If you've ever been trapped for hours in a narrow metal tube sitting on an airport tarmac, you probably are a strong proponent of federal legislation that would establish an airline passenger bill of rights.
That has never happened to me, so I don't have deep personal animosity toward an airline that made me suffer, or toward airlines in general. I can even be sympathetic to an airline that delivered me late because of bad weather, if the carrier kept me fully informed about how it was handling the situation and when I might finally get to my destination.
But it is likely Congress, after two years of debate on the issue, will adopt regulations this fall setting specific standards airlines have to meet to deal with "tarmac delays" of three hours or more.
Airlines would have to provide adequate food, water, restroom facilities, ventilation, and medical services to stranded passengers. The captain of an aircraft could extend the wait for takeoff by two 30-minute increments beyond three hours, if she or he thinks there is a reasonable chance the flight will actually depart. After that, the flight would have to return to the terminal.
Most air travelers will recall why Congress has been motivated to act. In the winter of 2006-07, there were two widely reported instances of passengers, first on American Airlines just after Christmas and then on JetBlue Airways on Feb. 14, enduring eight hours or more of imprisonment on delayed or diverted flights.
Although it wasn't as widely reported at the time, some travelers trying to leave Philadelphia International Airport on Feb. 14, 2007, were caught in the same icy winter storm that grounded dozens of JetBlue planes at Kennedy airport in New York.
Several US Airways passengers here complained to me in the following days that the media had failed to report that they, too, had been held hostage for more than six hours on one particular flight.
Passengers who lived through these ordeals probably now follow one of the basic rules of getting on any airliner these days: Bring your own water and food, and if traveling with an infant, extra diapers.
Since those incidents in 2006 and 2007, there have been fewer tarmac delays that grabbed the media's attention, but they still happen. A recent analysis by USA Today of Department of Transportation statistics found that 577 flights, or about 1.35 for every 10,000 departures, were delayed on the ground for three hours or more between October 2008 and May 2009.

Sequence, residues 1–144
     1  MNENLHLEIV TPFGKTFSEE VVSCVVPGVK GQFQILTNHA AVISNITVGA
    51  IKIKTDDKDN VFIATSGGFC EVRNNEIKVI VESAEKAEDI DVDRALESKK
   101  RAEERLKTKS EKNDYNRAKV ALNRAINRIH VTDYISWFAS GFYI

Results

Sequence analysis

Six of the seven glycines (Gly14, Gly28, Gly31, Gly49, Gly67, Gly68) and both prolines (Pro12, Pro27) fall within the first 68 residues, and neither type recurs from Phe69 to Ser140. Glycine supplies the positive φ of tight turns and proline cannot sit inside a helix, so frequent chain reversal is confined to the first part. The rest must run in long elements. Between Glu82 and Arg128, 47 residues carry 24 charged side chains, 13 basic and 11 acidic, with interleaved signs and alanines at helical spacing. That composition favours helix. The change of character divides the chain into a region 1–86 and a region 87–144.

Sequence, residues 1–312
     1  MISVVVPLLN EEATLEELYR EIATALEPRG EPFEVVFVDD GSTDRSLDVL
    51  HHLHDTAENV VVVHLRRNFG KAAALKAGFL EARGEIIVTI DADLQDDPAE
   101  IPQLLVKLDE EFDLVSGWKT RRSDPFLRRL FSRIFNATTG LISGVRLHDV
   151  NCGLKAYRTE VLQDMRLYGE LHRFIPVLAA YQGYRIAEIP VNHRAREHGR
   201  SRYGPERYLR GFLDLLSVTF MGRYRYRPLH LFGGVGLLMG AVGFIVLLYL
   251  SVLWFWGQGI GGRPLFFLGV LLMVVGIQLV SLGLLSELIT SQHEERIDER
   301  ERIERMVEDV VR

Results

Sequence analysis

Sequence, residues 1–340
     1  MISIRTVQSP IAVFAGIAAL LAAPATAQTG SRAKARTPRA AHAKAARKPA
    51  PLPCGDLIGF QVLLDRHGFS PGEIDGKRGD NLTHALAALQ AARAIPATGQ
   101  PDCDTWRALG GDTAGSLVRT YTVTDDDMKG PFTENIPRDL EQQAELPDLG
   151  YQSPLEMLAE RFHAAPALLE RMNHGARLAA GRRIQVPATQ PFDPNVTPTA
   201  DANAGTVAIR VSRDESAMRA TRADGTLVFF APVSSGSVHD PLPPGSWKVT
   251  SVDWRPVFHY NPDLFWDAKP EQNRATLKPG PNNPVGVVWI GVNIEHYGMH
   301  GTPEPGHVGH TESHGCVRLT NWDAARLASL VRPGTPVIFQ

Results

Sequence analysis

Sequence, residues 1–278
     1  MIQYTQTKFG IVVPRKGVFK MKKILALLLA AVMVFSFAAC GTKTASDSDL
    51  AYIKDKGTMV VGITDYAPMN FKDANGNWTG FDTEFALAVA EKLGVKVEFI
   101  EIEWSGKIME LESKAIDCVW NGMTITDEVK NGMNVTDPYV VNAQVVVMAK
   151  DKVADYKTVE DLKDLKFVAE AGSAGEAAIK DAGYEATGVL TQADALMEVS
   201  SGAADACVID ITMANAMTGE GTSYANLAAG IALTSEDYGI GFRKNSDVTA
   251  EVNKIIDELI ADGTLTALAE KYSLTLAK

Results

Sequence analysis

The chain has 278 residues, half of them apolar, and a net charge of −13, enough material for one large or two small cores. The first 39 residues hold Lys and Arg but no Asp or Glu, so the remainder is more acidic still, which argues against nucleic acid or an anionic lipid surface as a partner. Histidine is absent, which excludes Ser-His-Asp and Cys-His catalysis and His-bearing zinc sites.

The airlines have lobbied hard in Washington the last two years against the proposed passenger bill of rights. They did the same a decade ago when there was a similar effort to pass legislation after thousands of Northwest Airlines passengers were stranded on planes during a winter storm at the Detroit airport.
The 1999 movement to legislate resulted in airlines' voluntarily adopting policies they contended at the time were all that was needed to deal with the problem. But the more recent long tarmac delays, and travelers' tales of how the airlines handled some of the situations, indicate that the problem hasn't gone away.
The airlines' stand against the current legislation, as voiced by their trade group, the Air Transport Association, is based on reasonable arguments.
If a plane must return to an airport gate after a three-hour ground delay, the carriers say, it's likely the flight will be canceled, causing even more disruption for passengers and the airline's operations than a very late arrival would. Trying to safely unload a jet on an icy tarmac because no gate is available at the terminal, is another reason not to have hard-and-fast rules, they say.
The airlines' association also contends the DOT statistics show that long tarmac delays are so rare that they don't warrant government oversight.
That argument goes to the point I started the column with. Kevin P. Mitchell, chairman of the Radnor-based Business Travel Coalition, put it this way: "It may be statistically irrelevant, but if my 90-year-old grandma was stuck on an airplane for three hours, I don't care what the statistics are."
Mitchell, who has supported the airlines' stand against passenger-rights legislation in the past, now is surveying coalition members to see what they think. He plans to take a position in September on behalf of the coalition and other consumer groups.
This much is clear to me at this point: The proposed legislation has significant public support and stands a good chance of being adopted. For that the airlines have no one to blame but themselves.
Besides seeming to dismiss tarmac delays as no big deal, some carriers provide passengers scant information and treat them with all the grace of prison guards during their ordeals.
In other words, some airlines have not abided by the voluntary customer-service plans they adopted 10 years ago, and the whole industry may now pay the price.
Last week's column on remedies for jet lag left out one commercial program that some of you will find helpful in dealing with the problem. Not surprisingly, I forgot that I wrote about it for The Inquirer in 1991, giving it good marks for how well it worked.
The program is StopJetLag (it was called Jet-Ready 18 years ago). For $35, you get a diet plan and other advice customized for your itinerary. More information is available at www.stopjetlag.com.